Are all babies born with fully grown, blue eyes? – Ask an Ophthalmologist

There are two common myths about babies’ eyes.
One: that they’re born with their eyes already fully grown. And two: that
all babies are born with blue eyes that change color over time. Neither of these
is true but like many enduring myths it’s easy to see where the
misunderstanding comes from. Babies’ eyes do grow after they’re born.
There are usually two growth periods. One in the first few years of life and the
second during puberty. But the eyes don’t grow as much, in proportion, as other
parts of the body. At birth, a baby may only be one-quarter of its adult height.
But the eyes at birth are often already more than two thirds of their adult size.
This makes the eyes appear larger compared to the rest of the body and
makes their growth much less noticeable. As for babies being born with blue eyes
that change color — that is common but it’s a myth that all babies are born
with blue eyes. Some babies are born with darker eyes. Those babies with blue eyes
typically have less melanin skin pigment. Melanin continues to develop after birth
and it can turn the blue eyes brown or hazel. Often this change happens in the
first year, but it can continue for a few more years in some children.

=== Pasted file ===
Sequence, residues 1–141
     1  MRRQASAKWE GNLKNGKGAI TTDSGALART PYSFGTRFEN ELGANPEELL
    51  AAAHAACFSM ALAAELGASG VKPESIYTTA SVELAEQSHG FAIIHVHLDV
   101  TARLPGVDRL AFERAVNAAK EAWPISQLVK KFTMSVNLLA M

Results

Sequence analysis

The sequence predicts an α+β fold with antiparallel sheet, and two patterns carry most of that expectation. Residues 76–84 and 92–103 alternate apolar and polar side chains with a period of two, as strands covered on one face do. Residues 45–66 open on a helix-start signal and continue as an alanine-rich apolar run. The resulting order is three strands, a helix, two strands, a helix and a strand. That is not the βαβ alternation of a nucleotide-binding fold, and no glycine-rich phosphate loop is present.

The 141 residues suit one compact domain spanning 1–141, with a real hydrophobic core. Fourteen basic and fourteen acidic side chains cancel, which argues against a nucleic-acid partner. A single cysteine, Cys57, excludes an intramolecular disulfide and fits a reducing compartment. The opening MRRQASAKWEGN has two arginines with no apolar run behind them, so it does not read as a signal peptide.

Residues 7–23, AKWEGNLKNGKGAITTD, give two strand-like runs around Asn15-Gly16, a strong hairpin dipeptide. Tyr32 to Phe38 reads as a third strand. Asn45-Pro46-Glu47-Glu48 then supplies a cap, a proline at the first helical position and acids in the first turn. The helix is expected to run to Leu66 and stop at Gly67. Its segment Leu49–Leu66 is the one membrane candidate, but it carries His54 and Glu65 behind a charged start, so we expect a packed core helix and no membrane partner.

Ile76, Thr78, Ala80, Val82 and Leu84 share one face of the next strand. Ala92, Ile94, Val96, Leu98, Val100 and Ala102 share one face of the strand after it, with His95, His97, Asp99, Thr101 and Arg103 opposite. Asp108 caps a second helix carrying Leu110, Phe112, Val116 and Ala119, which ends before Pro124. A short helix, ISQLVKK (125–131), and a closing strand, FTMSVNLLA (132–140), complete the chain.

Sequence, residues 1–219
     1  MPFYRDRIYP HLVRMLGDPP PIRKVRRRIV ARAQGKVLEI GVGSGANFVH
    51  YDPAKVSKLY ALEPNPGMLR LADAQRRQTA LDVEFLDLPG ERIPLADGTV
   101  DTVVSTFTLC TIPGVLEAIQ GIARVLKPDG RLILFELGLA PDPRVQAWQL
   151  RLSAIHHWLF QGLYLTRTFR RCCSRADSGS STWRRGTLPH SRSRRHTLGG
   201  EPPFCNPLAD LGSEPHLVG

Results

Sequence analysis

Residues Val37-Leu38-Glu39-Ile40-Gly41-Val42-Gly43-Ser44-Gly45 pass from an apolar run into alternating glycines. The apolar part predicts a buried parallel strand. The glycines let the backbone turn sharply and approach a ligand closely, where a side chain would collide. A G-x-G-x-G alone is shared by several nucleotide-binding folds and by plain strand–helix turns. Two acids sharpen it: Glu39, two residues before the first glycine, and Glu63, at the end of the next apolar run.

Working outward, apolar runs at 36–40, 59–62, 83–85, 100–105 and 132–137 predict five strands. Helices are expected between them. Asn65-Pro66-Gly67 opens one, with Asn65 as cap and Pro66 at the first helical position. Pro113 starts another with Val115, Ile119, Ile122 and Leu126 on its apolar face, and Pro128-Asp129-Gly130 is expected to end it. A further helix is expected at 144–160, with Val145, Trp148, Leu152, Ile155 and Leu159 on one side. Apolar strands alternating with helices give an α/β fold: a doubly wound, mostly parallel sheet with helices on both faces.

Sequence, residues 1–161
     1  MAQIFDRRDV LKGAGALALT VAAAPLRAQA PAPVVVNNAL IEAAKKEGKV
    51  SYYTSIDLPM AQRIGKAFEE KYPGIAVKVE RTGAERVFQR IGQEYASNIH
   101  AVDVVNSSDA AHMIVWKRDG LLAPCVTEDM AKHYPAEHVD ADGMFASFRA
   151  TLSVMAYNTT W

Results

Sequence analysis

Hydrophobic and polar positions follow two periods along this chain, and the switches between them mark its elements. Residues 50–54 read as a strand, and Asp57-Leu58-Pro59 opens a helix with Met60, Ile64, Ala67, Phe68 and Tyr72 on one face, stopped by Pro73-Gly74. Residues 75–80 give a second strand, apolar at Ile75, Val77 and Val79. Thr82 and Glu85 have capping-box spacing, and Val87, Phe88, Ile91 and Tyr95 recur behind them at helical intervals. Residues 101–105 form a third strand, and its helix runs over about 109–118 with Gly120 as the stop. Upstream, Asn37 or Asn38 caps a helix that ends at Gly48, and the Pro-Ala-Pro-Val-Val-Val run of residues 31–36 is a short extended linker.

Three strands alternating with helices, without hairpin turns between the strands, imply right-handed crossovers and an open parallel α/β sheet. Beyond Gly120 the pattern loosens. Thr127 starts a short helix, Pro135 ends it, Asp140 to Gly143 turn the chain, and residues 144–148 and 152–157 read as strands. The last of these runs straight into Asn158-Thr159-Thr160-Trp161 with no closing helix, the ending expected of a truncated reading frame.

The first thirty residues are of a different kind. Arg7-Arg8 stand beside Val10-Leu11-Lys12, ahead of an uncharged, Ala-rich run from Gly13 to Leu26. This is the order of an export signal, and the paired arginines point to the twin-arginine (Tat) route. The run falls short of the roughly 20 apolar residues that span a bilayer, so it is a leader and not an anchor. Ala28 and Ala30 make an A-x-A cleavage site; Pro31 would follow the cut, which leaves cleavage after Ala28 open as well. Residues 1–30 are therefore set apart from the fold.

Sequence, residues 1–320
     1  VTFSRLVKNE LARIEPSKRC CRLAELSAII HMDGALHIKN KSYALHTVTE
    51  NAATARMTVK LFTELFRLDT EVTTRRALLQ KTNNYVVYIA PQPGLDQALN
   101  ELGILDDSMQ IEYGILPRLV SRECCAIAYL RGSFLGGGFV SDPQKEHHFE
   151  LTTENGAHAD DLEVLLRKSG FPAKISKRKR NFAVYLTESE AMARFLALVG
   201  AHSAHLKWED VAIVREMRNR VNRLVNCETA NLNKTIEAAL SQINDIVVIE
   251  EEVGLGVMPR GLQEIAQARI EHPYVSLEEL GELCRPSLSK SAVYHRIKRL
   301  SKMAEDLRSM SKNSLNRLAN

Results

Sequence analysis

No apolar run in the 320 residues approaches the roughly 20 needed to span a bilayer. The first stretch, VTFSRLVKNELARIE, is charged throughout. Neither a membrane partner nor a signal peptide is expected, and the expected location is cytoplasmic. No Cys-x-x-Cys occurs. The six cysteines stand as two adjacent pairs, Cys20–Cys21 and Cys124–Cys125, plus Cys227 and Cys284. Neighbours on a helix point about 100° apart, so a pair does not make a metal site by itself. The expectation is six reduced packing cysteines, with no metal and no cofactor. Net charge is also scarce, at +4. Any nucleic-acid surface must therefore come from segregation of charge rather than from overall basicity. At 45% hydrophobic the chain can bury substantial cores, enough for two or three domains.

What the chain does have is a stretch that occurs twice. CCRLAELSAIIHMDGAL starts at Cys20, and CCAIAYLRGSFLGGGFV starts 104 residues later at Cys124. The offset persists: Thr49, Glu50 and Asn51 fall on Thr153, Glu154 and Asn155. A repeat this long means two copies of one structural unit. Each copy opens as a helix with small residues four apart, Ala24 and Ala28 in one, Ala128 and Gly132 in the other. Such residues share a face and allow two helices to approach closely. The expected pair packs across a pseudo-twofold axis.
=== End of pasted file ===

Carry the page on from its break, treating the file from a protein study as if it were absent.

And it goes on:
1. My eyes r a hazel mix with brown and green now.. when I was 7 it was blue, then they turned hazel mix with blue and green, and then now they r brown and green hazel mix. Science!

  2. Since eyes of babies are light, mostly blue, including black babies, does this mean that blacks evolved in such a way that they will one day be able to move to Europe and become white? Because this is what science teaches us, we are all from blacks. They just developed things such as light color on their palms and feet to protects their one day descendants from UV radiation reflected from snow. They also grew beards and nasal hairs in case they need to filter out snow flakes one day. How nice of them. People started out as whites, and definitely not in Africa. Get over it.

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